In particular, no creditor in respect of a 'debt provable in the bankruptcy' (a debt incurred and due for payment prior to the making of the bankruptcy order) shall, without the leave of the court:

  • have any remedy against her/his property in respect of that debt
  • start any action or other legal proceedings against her/him

If the rent arrears arenot provable in the bankruptcy (that is, they accrued after the bankruptcy order was made), the court can suspend or postpone an order for possession on payment of current rent and rent arrears that are not provable in the bankruptcy.

If a tenant is in serious rent arrears, a landlord may apply for possession if the amount of the arrears are more than two months or eight weeks, depending upon how the rent is paid. This would be a mandatory ground for possession.

As mentioned, a social landlord is unlikely to be concerned about the status of a tenant but will be concerned about the existence of rent arrears. They may not be able to rely on the AST ground, but they could bring a claim for rent arrears which might be a ground for possession, for debts not provable as previously explained. They are also obliged to comply with a protocol showing that they have worked with tenants who are in financial difficulties to overcome any problems concerning rent arrears of other breaches of the tenancy.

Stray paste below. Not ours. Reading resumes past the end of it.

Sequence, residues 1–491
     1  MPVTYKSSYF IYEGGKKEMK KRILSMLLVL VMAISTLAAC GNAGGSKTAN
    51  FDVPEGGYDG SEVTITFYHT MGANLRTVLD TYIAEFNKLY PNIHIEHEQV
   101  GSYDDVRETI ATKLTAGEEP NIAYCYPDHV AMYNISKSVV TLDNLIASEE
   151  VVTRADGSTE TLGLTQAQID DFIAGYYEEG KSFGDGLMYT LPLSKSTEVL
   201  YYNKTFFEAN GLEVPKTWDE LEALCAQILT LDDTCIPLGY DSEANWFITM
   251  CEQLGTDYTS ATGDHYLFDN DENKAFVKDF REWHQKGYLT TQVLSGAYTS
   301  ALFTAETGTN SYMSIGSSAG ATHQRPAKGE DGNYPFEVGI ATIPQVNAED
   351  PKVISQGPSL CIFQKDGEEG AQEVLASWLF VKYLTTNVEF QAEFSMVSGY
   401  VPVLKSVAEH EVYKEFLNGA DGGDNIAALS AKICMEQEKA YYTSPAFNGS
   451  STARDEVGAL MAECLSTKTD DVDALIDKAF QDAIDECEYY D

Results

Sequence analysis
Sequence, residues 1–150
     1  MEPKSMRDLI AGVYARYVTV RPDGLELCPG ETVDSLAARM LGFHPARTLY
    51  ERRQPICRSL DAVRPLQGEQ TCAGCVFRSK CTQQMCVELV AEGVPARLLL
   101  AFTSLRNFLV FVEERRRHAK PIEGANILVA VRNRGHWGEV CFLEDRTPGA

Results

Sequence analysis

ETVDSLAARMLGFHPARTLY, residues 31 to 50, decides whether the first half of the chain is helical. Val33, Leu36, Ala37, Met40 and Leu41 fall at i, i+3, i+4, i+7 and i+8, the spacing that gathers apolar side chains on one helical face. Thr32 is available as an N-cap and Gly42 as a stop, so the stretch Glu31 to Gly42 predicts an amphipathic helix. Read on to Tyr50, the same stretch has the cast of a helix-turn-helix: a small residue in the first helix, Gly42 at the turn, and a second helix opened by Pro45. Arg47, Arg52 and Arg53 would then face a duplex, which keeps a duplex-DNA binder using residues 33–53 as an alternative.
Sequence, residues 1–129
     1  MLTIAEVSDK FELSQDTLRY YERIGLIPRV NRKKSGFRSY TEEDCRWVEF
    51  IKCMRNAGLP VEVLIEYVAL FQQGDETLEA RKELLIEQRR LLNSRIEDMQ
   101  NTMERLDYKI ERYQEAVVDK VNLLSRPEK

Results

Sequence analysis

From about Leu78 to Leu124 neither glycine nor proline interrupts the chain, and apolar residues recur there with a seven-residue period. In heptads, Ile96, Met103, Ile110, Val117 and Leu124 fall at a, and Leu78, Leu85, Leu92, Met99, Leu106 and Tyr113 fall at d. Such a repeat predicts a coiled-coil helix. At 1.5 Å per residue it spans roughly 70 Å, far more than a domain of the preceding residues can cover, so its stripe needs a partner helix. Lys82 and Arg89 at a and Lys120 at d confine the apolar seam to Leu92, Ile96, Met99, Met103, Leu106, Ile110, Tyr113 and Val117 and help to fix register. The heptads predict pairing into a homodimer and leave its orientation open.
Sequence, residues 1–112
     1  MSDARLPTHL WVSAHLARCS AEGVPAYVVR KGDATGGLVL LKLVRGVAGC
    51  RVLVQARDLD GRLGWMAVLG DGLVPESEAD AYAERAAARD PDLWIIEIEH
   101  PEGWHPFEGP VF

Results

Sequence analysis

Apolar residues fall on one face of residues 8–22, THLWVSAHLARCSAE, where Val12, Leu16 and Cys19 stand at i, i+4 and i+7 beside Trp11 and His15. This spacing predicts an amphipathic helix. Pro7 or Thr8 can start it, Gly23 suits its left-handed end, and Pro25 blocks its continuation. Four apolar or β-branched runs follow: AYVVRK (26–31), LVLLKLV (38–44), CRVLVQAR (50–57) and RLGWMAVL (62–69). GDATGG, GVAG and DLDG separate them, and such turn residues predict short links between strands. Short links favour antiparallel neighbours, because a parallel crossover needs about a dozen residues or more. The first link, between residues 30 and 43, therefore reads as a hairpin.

It should be noted that because of COVID-19, the normal notice periods in order to commence possession proceedings relying on the assured shorthold ground has been extended to six months, and generally the notice period for any breach of the tenancy is also six months. However, these will almost certainly be reduced once the pandemic is viewed as being at an end.